Using NeoPixel LEDs with micro:bit
In this project we create some colourful patterns using a set of LEDs. These are special LEDs that can display a range of up to 16 million colours.
- A micro:bit
- An LED matrix such as the Kitronic ZIP Halo:
- A micro:bit battery pack
Connect your micro:bit
PeoPixel LED Code
Colours are defined using a system called RGB, which stands for Red, Green, Blue.
A colour is made by setting a value for red, blue and green, where each value is between 0 and 255, where 255 is the brightest. The number of possible combinations is more than 16 million.
For example, to create red, set a value for red but leave blue and green set to 0. So:
- red is 255, 0, 0 (bright)
- blue is 0,127, 0 (not so bright)
- green is 0, 0, 63 (even less bright)
Or combine colours, like these:
- Orange = 255, 127, 0
- Purple = 127, 0, 255
- Brown is 127, 63, 31
To test everything is working, type in this code.
One of the best ways to use LEDs is in loops. Here we’ve altered the code to set every LED to the same colour:
The range Function
Python’s range() function is a loop that makes a variable count up (or down). There are three ways to use the range() function.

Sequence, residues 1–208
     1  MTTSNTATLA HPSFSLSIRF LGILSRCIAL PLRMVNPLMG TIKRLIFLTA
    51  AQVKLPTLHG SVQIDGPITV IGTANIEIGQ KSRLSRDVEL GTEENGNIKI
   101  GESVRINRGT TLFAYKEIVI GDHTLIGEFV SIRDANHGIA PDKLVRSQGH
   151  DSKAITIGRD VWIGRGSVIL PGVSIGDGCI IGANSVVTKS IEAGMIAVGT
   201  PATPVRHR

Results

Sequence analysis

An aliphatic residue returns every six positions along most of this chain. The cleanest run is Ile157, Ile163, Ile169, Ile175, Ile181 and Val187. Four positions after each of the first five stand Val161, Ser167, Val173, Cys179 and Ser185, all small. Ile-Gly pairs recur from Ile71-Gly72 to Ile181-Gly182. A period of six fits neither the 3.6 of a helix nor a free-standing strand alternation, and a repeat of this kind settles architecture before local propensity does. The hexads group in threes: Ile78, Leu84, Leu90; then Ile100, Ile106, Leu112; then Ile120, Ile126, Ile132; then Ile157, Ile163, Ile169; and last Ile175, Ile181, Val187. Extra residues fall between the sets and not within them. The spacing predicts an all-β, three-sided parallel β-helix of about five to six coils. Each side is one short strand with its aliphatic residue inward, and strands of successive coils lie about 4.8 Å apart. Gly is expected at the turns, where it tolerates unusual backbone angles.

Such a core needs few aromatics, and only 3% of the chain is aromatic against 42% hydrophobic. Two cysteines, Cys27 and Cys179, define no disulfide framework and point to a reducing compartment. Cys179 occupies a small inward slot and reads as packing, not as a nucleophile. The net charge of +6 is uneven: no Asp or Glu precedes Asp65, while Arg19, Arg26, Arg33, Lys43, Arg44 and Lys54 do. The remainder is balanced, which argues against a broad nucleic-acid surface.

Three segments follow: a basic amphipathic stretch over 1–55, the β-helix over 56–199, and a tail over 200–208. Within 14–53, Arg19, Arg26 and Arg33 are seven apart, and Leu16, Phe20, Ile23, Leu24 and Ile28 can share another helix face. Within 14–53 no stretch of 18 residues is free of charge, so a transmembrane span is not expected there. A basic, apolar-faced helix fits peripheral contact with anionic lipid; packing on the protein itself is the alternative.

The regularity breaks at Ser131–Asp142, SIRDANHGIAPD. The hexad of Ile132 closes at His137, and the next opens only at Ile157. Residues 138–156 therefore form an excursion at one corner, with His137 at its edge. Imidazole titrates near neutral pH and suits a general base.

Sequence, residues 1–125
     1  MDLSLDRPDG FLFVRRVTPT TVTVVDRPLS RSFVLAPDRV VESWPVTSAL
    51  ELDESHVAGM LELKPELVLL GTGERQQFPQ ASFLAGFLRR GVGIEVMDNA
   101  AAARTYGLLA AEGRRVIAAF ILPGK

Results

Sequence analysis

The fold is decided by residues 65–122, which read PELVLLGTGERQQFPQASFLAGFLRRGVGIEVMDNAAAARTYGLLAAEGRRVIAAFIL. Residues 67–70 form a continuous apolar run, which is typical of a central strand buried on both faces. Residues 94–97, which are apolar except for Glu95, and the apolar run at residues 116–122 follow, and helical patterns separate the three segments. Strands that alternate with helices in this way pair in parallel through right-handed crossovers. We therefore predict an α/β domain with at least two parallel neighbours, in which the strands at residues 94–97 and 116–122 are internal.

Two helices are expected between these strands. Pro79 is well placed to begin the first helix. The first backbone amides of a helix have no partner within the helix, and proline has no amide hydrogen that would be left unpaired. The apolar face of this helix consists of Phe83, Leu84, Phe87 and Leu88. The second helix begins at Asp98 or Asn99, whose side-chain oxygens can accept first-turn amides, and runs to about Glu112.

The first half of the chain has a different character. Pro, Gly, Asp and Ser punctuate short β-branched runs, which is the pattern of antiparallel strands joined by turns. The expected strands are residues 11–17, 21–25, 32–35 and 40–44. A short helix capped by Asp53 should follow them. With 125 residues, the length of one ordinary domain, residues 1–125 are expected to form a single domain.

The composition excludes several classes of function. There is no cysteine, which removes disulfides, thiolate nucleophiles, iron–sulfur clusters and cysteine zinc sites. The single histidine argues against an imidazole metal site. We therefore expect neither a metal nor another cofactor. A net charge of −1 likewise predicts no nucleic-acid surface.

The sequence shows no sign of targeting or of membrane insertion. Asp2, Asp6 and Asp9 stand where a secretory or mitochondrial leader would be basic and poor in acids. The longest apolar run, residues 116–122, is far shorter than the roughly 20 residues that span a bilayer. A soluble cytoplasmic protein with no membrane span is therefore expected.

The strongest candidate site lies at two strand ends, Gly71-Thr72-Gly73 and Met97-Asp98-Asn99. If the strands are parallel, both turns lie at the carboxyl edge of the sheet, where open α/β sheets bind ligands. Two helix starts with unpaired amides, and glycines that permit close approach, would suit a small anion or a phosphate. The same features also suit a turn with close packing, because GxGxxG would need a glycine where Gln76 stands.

The first just specifies how many times to count, one at a time, like this:
The second adds a starting number, like this:
Then we can also set the size of the count, like this:
We can use random numbers to generate different colours instead of just red. To do this we need to load an extra code library so that we can use random numbers. Add this near the top with the other import statements:
Now we can generate a colour by picking a random value for Red, Green and Blue. We’ll use three variables, one for each colour. Replace:
You should find that you get a different colour each time you reset the micro:bit.
To turn an LED off we set the colour to black. This is where there is no red, no green and no blue, like this:
To get a bright white light we can set all the colours to the maximum value of 255:
Using the same loop we can make it look like a colour is moving around the LEDs. The trick is turn off the previous LED before turning on the next one.
As we loop through each LED from 0 to 23 we can calculate the number of the previous LED because it will be one less than the current one. If we are about to turn on LED number 7 we know that the previous one was number 6:
When we are on the first LED, with number 0, we can use the last LED instead. This will be useful when we repeat the loop. We need to put all this into an if: